GLITTER MADE FROM TREES

Understanding the Plastic Lifecycle

May 10, 2017

Plastic – it revolutionized human society in some incredible ways. It has been responsible for many advancements, but it is also deadly to the planet. Understanding this threat to our world requires that you know a bit more about the plastic lifecycle, and where all those plastic bits, like the glitter in your makeup and hairspray, end up at the end.

 

In the Beginning

 

Plastic starts out as crude oil. Yes, it’s a petroleum product. However, some are made from coal or even from natural gas. In most cases, this requires extracting it from the ground either through drilling or mining. Obviously, oil, coal and natural gas extraction wreaks havoc on the environment, and we’ve known that for a very long time.


Once it has been extracted, the oil, coal or natural gas is taken to an industrial production facility where it is converted using chemicals into the many types of plastics we use today. In most cases, it is formed into pellets that can be melted and molded into the desired shape, whether that’s a plastic clamshell container for a consumer product, plastic bags for use in grocery stores, the cover for your laptop or tablet, or something else.

 

The Use Period

 

Depending on the type of plastic and the product in question, the use life of these objects can be very long or very short. Most long-life products, such as portable coolers and laptop cases, are not as threatening to the planet as throwaway or single-use items simply because we use them for much longer periods, and they’re not produced in the same quantities. For instance, there are far, far more plastic water bottles manufactured each year than laptop covers.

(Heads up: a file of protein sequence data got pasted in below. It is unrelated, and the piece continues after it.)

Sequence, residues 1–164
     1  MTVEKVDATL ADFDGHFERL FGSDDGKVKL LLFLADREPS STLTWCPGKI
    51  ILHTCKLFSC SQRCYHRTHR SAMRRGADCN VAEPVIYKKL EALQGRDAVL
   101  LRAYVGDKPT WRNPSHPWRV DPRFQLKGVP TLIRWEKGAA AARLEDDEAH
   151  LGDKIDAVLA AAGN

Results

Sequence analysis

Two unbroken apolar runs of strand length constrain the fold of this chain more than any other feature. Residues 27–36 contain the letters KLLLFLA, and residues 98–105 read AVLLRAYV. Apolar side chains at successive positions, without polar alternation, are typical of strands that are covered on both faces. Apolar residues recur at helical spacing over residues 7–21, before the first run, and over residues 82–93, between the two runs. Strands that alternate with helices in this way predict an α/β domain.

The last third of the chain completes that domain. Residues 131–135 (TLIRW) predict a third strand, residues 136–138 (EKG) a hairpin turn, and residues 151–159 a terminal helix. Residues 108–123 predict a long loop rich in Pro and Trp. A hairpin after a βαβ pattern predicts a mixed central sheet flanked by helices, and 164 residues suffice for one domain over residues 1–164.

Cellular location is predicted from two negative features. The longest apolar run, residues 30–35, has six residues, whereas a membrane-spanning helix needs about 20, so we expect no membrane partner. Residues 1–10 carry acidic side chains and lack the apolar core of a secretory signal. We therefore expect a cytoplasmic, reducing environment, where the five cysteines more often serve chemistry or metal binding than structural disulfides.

For most of the plastic products we use every day, the trash is the immediate destination. What do you do with your water bottle when you drink the last drop? You throw it out. What do you do with those plastic bags when you get home from the grocery store? You toss them. What about that coffee cup? It goes into the trash, too. Where does that glitter in your makeup go when you’re done for the day? Down the drain.

 

The End

 

Well, this section name is a bit misleading. Why? Well, plastics really don’t end. They can last for hundreds, even thousands of years. As they age, they break down into smaller and smaller pieces, but they never go away. Some types of plastics, like glitter and microbeads, don’t even need to break down before they begin causing problems for the environment.

 

Small pieces of plastic generally end up in a water source, and eventually make their way to the ocean, where they become part of the plastic soup that covers every single ocean on the planet. Here, those bits of glitter, microbeads and tiny pieces of plastic bottles are eaten by marine life, where they cause immense issues, including sterility, and actually move back up the food chain to us.

 

GoodGlitter.com is committed to making a difference – our bio glitter is 100% biodegradable, unlike normal plastic glitter, and will never be a threat to our oceans or our planet. Get in touch and learn more!




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